Saffron is the stigma of crocus flower, so the botanical name Crocus sativus. Harvest season lasts for 2 weeks and the flowers are picked each morning. The 3 stigmas in each blossom are hand-picked. After plucking, the stigmas are light roasted which dries the stigmas and fixes the flavor in the threads. This delicate stage of roasting is done only by the most expert of farmers. Even as little as a minute too long on the fire and the whole batch would be ruined.

The saffron crocus is sterile and the crop is propagated by corm multiplication. Each corm lasts only for one season and then is replaced by up to 10 cormlets. The size of the corm has a very significant effect on the production of daughter corms, and on the production of flowers and the yield of saffron. Saffron flower is amazingly beautiful and fragrant. It has pale lilac petals with dark colored veins. Saffron crop can tolerate frosts and an occasional snow. It grows in a wide range of soils but thrives in clay-calcareous soil.

Saffron is used in Ayurveda as a good heart tonic for all three doshas, and is also an important ingredient in many Ayurvedic medicines. For example, “Shatavari Plus” has saffron as one of its main ingredients. Saffron has circulatory stimulant properties, is warming and very rejuvenating. Saffron milk is an excellent remedy for Anemia. It is also known to tonify the female reproductive system. The cosmetics industry uses saffron in lotions and creams for its ability to nourish and lighten the skin.

And, of course, we all are familiar with the bright golden yellow Saffron robes of Buddhist monks. The color of their robes speaks volumes of their renunciation. When a young green leaf turns yellow or orange, it falls off from the tree. The Buddhist monks wear yellow saffron robes to constantly remind them to let go and not cling to the earthly pleasures.

Since Saffron and Kashmir are inseparable and I am such a big tea fan, we have to have a cup of Kahva (Kashmiri chai with saffron). This tea is amazingly aromatic and an experience in itself. Here is a very good post on Kahva. Note that this Kahva is different from Kava, a herbal drink from south Pacific.

A classic and simple dessert with Saffron is Shrikhand.

Classic Shrikhand with Saffron:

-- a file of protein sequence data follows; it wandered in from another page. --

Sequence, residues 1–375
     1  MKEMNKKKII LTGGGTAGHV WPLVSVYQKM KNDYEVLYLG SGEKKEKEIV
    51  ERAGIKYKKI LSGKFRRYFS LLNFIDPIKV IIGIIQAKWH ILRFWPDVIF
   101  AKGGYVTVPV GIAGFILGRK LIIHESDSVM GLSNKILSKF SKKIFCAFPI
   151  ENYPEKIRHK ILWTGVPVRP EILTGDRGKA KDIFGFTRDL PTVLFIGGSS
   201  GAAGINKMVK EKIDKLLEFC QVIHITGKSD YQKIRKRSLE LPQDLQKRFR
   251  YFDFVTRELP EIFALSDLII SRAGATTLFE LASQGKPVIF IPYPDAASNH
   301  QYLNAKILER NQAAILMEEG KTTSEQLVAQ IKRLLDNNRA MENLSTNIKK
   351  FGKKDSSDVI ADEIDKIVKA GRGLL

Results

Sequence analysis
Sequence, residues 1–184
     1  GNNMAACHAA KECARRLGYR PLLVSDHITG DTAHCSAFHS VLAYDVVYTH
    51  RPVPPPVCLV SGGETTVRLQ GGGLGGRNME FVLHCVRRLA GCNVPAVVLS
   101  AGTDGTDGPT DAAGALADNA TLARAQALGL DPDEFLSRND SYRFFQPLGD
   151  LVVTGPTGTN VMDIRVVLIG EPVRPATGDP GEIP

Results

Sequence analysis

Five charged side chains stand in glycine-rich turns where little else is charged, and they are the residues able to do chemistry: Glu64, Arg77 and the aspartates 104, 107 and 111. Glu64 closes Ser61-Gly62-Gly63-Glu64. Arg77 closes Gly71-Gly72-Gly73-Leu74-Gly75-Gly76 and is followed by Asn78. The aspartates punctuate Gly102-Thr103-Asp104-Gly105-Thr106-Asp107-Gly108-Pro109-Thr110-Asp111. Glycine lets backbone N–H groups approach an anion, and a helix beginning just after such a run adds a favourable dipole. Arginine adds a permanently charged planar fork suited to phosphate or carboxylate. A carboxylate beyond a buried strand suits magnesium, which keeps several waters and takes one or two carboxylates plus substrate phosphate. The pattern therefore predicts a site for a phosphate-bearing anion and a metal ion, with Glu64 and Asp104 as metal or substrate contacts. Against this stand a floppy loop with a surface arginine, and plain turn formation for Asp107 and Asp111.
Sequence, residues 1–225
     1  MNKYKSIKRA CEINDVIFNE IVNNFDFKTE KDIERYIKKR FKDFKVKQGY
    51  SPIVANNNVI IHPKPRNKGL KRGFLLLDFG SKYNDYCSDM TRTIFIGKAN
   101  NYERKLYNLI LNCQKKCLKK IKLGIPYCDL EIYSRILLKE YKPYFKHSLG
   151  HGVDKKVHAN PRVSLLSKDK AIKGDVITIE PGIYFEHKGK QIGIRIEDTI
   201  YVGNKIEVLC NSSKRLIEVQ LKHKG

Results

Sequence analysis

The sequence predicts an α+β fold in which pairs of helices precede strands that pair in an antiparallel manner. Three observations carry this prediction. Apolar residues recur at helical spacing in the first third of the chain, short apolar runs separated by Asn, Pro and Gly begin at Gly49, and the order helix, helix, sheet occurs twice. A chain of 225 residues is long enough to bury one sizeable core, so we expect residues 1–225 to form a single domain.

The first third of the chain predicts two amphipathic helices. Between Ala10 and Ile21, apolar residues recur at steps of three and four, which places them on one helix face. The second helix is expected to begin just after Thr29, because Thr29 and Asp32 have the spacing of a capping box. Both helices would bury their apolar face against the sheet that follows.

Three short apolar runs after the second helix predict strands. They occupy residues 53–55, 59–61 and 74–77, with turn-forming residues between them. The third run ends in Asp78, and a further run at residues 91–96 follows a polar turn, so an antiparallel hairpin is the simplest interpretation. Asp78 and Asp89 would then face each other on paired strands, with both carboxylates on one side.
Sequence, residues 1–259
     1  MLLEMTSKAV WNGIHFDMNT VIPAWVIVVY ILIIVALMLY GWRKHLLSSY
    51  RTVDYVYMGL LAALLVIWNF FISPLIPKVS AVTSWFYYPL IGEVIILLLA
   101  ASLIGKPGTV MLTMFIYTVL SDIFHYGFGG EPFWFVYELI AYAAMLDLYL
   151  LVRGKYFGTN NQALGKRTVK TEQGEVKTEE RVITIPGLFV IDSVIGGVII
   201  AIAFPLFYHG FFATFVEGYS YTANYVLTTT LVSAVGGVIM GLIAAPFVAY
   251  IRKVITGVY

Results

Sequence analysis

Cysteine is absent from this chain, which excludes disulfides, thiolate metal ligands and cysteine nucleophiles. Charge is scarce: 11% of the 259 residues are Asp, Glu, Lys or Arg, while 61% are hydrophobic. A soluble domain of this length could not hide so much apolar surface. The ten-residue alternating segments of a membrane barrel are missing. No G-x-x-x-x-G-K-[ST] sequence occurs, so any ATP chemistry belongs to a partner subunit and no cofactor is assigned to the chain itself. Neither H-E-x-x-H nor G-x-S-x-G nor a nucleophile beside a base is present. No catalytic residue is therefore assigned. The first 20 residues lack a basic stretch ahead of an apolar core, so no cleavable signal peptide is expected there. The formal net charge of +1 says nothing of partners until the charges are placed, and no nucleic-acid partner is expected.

1-cup whole milk yogurt
1-cup sugar
Saffron - 1 teaspoon, or to your liking
Charoli (chironji) - 1 tablespoon, or to taste
Crushed cardamom seeds - ¼ teaspoon

Tie yogurt in a clean muslin cloth. Keep in a sieve and place a heavy pan over it. Keep overnight to drain all water. Once all water is drained from the yogurt, add sugar and mix really well. Sugar must be dissolved completely. Add crushed cardamom, saffron. Serve with charoli on top.

Some of you might remember that I mentioned once about growing mustard seeds and enjoying the beauty of Punjab in my own backyard. Now, how about a little Kashmir in your back yard. We can grow our own Saffron!. Looks like some avid gardeners are even growing Saffron in containers. There are a lot of online vendors and nurseries where you can buy the saffron corms. Growing Saffron is time consuming and needs a lot of patience. But I think I am up for this project too.

Now let’s see… I have mustard from Punjab, Saffron from Kashmir… Hmm … what’s next?

by ~ Anjali Damerla of Supreme Spice

Notes:
For a fabulous array of saffron recipes: Think Saffron

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Play, Learn and Earn Rice to Help
What was the score, and how many grams?:)

Posted by Indira©Copyrighted in Herbs and Spices, Anjali Damerla, Saffron (Kesar, Kumkum Puvvu) (Thursday November 15, 2007 at 4:07 pm- permalink)
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Fenugreek Seeds (Methi, Menthulu)

Fenugreek Seeds (Menthulu, Methi)

The one flavor category that is fading away from our meals today is the “bitter” flavor. The bitter taste category is considered to be one of the most healing and cleansing tastes by Ayurveda. Use of fenugreek seeds in traditional tadka is a good way to incorporate the bitter taste once in a while.